This page contains a Flash digital edition of a book.
NEWS


The Great Highland Bagpipe: From the Archaic to Modern Little Has Changed


BY PIPING TIMES REPORTERS N


EW research into the bagpipe’s history has found that the basic instrument has


not changed significantly since it first appeared in its ‘golden age’ 400 years ago. This is contrary to the view of some piping historians.The research – to be published in the PT – has been conducted over a number of years by US based scientists and pipers Dr John Kidd and Dr ElliotWoodaman. Dr Kidd received a Ph.D. in Physics and Mathematics from the University of Chicago in 1962. Dr Woodaman received a Ph. D. in Linguistics in 1972, and through his work in acoustic phonetics was able to follow Dr Kidd’s bagpipe investigations. In a preliminary statement they write: ‘Our position is that


the Highland bagpipe has existed largely in its current form since the ‘golden age’ of the 17th century, and that the differences between the archaic and the modern Highland pipe simply reflect two basic improvements: 1) more precisely finished exteriors and bores, due to the improvements in lathe technology made during the industrial revolution; and 2) a significant acoustic advance, the shift from the


flare-top to the bell-top drone.To put it more succinctly, today’s Highland bagpipe has not changed significantly since it first appeared in the ‘golden age’: the chanter plays the same just scale and three pentatonic modes; it has had one bass and two tenor drones at least since the ‘golden age’; and to this day, the same ‘golden age’music is played.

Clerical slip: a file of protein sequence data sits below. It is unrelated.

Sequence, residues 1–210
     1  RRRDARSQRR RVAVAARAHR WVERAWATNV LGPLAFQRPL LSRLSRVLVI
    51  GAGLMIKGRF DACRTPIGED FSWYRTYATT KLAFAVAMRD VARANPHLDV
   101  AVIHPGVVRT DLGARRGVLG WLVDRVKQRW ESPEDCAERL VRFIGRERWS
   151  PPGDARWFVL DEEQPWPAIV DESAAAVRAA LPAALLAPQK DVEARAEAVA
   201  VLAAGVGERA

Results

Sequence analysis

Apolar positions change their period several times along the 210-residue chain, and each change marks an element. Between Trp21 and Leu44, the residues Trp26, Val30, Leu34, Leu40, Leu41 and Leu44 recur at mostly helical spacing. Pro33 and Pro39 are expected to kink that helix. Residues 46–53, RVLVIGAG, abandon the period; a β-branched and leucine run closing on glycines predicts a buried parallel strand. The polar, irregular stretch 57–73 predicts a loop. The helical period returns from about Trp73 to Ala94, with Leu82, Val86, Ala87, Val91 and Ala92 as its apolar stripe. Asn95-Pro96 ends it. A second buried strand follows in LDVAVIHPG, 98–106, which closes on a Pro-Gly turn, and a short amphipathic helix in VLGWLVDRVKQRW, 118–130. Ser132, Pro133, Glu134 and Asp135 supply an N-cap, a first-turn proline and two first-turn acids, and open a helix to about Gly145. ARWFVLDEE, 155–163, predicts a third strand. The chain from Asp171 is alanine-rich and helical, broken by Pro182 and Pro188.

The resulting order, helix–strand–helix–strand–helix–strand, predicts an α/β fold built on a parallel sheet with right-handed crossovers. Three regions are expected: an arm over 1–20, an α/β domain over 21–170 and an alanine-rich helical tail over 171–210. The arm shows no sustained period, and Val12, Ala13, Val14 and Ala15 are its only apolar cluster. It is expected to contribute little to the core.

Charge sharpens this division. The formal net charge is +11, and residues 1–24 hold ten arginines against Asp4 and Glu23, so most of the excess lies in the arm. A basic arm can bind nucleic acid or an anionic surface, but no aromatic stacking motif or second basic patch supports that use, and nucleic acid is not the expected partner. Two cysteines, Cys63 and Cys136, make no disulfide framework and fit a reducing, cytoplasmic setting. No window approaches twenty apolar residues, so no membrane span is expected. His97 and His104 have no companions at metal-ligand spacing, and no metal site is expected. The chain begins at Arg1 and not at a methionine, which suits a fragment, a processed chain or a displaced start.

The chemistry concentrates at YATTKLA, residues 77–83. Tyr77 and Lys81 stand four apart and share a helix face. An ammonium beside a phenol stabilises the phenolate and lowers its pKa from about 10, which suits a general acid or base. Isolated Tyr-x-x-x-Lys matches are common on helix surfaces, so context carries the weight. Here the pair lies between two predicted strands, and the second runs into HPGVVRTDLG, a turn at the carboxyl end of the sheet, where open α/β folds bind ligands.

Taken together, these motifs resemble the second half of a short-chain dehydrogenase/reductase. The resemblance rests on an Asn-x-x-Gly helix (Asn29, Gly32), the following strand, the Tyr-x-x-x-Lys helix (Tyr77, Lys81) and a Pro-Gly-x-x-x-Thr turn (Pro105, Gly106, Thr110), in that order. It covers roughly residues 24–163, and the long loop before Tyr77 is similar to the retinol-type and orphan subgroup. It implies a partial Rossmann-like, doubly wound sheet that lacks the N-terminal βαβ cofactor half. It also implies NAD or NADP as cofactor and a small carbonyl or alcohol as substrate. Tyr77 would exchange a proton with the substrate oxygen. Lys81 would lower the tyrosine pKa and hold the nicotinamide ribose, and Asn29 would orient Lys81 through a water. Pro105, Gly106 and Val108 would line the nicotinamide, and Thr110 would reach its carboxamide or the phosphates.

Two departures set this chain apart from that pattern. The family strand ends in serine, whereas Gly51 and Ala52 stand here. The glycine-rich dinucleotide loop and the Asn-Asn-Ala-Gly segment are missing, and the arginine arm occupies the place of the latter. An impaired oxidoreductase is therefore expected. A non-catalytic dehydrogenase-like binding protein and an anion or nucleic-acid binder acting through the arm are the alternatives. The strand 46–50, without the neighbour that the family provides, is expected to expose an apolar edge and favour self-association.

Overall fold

‘Thus we are not in accord with Hugh


Cheape’s Conclusion disputed


suggestion (‘Bagpipes’ 2008, p.123) that in the 18th century, the modern Highland bagpipe was ‘arguably a new invention’. This is our only major difference with this admirable book (and on which our research strongly relies).We also acknowledge the work of Dr Roderick D. Cannon in his 2002


work The Highland Bagpipe and Its Music as our first specific source of the notion of continuity between the archaic and the modern bagpipe. Finally we note that none of this would have been possible without having subscribed to the PipingTimes (PT) over the years, and so having had access to its illustrations of historic pipes and the invaluable work of Jeannie Campbell.


5





Page 1  |  Page 2  |  Page 3  |  Page 4  |  Page 5  |  Page 6  |  Page 7  |  Page 8  |  Page 9  |  Page 10  |  Page 11  |  Page 12  |  Page 13  |  Page 14  |  Page 15  |  Page 16  |  Page 17  |  Page 18  |  Page 19  |  Page 20  |  Page 21  |  Page 22  |  Page 23  |  Page 24  |  Page 25  |  Page 26  |  Page 27  |  Page 28  |  Page 29  |  Page 30  |  Page 31  |  Page 32  |  Page 33  |  Page 34  |  Page 35  |  Page 36  |  Page 37  |  Page 38  |  Page 39  |  Page 40  |  Page 41  |  Page 42  |  Page 43  |  Page 44  |  Page 45  |  Page 46  |  Page 47  |  Page 48  |  Page 49  |  Page 50  |  Page 51  |  Page 52  |  Page 53  |  Page 54  |  Page 55  |  Page 56  |  Page 57  |  Page 58  |  Page 59  |  Page 60  |  Page 61  |  Page 62  |  Page 63  |  Page 64